Ludwig Göransson composed Black Panther’s original score and greatly amplified the film. Winning him an Oscar for his work, Göransson spoke on immersing himself in Africa’s diverse range off cultures, sounds and feels when coming up with the score. The score breathed life into this film that previous Marvel films have generally lacked. Killmonger’s theme and Wakanda’s theme bleeds into the film’s story and characters, beautifully constructing Wakanda in a multi-layered way with a memorable score, impactful themes and complex villain. Tonal variety has always been the achilles heel for the franchise, Black Panther however leaned into what Winter Soldier, Iron Man and ultimately led to the darker tone of films like Avengers: Infinity War. On a technical level, Ruth E. Carter, the costume designer for the film, also won an Oscar for her work with Black Panther. Once again drawing inspiration from various African cultures, Carter further fleshes out Wakanda with multi layered colors and textures. For Black Panther’s suit, she took inspiration from Michael Wilkinson work on Zack Snyder’s Man of Steel & Batman v Superman, particularly with the engraving of Wakandan language into the suit much like Kryptonian was embedded in Superman’s.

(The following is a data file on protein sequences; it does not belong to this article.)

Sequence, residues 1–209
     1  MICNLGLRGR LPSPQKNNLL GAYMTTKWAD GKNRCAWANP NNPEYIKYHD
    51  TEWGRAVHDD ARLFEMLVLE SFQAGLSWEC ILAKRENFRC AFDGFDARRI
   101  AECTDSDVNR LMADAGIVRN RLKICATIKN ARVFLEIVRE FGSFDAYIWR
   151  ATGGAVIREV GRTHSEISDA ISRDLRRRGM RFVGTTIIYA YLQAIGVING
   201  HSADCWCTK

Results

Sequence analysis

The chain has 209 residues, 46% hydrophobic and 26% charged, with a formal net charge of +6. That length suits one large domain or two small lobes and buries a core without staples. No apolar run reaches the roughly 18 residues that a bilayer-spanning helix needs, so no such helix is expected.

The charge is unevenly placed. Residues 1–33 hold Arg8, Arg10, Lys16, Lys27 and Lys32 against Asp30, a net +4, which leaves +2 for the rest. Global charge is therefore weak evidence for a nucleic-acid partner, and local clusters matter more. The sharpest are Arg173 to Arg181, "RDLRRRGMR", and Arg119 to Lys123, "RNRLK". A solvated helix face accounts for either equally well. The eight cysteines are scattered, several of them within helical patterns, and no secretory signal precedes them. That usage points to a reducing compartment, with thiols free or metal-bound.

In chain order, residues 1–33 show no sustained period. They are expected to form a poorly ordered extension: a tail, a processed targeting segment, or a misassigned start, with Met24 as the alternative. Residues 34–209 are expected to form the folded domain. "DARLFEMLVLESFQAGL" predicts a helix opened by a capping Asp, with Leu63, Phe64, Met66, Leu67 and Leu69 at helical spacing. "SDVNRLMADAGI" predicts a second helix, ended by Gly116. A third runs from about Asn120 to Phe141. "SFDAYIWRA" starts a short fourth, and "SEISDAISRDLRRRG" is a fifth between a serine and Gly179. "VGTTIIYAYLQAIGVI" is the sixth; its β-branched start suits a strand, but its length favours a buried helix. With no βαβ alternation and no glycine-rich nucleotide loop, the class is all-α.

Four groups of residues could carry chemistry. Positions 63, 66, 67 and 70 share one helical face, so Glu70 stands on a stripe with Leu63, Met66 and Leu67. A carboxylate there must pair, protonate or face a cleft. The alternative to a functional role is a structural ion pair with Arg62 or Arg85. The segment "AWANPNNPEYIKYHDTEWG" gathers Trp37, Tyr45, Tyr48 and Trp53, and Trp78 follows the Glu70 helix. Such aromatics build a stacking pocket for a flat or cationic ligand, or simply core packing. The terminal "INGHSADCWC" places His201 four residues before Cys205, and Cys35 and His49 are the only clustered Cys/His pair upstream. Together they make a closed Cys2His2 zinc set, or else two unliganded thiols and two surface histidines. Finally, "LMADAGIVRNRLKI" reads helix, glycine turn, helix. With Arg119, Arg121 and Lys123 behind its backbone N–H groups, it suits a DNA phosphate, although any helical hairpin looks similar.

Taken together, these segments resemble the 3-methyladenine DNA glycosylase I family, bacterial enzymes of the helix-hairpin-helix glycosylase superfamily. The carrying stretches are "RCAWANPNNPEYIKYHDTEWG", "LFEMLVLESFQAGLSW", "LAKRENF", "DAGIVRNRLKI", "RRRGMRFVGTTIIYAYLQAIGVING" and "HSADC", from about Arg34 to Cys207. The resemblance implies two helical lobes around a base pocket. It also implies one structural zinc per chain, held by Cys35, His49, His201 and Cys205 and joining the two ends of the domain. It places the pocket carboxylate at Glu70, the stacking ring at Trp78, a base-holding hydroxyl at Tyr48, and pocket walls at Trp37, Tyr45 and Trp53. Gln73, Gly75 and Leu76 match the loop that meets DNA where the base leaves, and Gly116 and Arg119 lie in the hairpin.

Perhaps the greatest thing about Black Panther was the villain. Ryan Coogler masterfully blended the arcs of both the protagonist and antagonist, without having one overpower the other in respect to narrative. The MCU is at its peak when both hero and villain flourish concurrently as Captain America: The Winter Soldier and Avengers: Infinity War being prime examples of this approach. In the case of Killmonger, the story arc he follows is ultimately not so different from that of a hero. The injustice done to him in his past, shaped his actions in the future. Brilliantly performed by Michael B. Jordan, Killmonger came off a character who betrayed by his bloodline and left to grow up in a society that did not treat him equally. Like many of the greatest comic book villains, Killmonger does everything with a purpose and truly believes in his motivations as an act of good. The motivations that drive him and his intentions are not completely wrong in a sense, just broken. A contemporary example of someone who believed in the same principles but in the correct way was Nakia, who made it clear she wanted Wakanda to use its resources to help others.